Washington Municipal Electricity, Initiative 52 (1924)

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The Washington Municipal Electricity Initiative, also known as Initiative 52, was on the November 4, 1924 ballot in Washington as an Initiative to the People, where it was defeated. The measure would have allowed cities and towns to purchase and sell electricity inside and outside their geographical limits, without the payment of tax, and authorized municipalities to construct, operate and maintain electrical facilities.[1]

See Energy policy in Washington for a full explanation of energy policy across the state.

Election results

Washington Initiative 52 (1942)
Defeatedd No217,39360.91%
Yes 139,492 39.09%

Election results via: Washington Secretary of State

Text of measure

The language appeared on the ballot as:[1]

An Act authorizing cities and towns to purchase, sell and dispose of electric current, inside or outside their corporate limits, without the payment of any tax thereon; authorizing the acquisition, construction, operation and maintenance of facilities in connection therewith, and authorizing cities and towns to condemn private property, including the right to use and damage railroads, not common carriers, booming, rafting and sorting works, for such purposes.[2]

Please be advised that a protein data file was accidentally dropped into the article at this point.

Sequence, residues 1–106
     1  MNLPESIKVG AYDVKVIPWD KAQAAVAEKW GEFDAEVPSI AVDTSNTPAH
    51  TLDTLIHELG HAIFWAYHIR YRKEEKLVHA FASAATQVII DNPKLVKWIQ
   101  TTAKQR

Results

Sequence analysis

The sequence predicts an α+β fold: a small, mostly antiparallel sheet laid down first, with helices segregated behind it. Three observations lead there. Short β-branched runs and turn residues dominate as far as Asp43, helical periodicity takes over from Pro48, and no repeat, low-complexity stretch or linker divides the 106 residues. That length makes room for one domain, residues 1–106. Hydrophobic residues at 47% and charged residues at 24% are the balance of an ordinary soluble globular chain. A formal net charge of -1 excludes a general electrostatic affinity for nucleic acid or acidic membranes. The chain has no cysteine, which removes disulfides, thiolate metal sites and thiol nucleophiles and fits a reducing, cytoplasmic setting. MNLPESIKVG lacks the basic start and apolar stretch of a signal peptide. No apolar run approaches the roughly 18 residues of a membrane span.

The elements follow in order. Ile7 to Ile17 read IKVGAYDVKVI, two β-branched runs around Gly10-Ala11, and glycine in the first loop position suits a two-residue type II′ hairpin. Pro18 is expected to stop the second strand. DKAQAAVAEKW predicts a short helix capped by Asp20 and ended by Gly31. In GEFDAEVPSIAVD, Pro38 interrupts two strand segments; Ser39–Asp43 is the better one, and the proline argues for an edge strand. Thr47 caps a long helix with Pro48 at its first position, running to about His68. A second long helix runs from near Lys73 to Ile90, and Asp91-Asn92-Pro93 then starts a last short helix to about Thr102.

Path to the ballot

Initiative 52 was filed on April 8, 1924. Signatures were submitted to qualify it for the ballot. The measure was placed on the ballot as provided for by the state constitution.[3]

See also

Suggest a link

External links


  1. 1.0 1.1 Office of the Secretary of State, "1924 Voters Pamphlet," accessed September 16, 2013
  2. Note: This text is quoted verbatim from the original source. Any inconsistencies are attributed to the original source.
  3. Washington Secretary of State, "Initiatives to the People," accessed September 16, 2013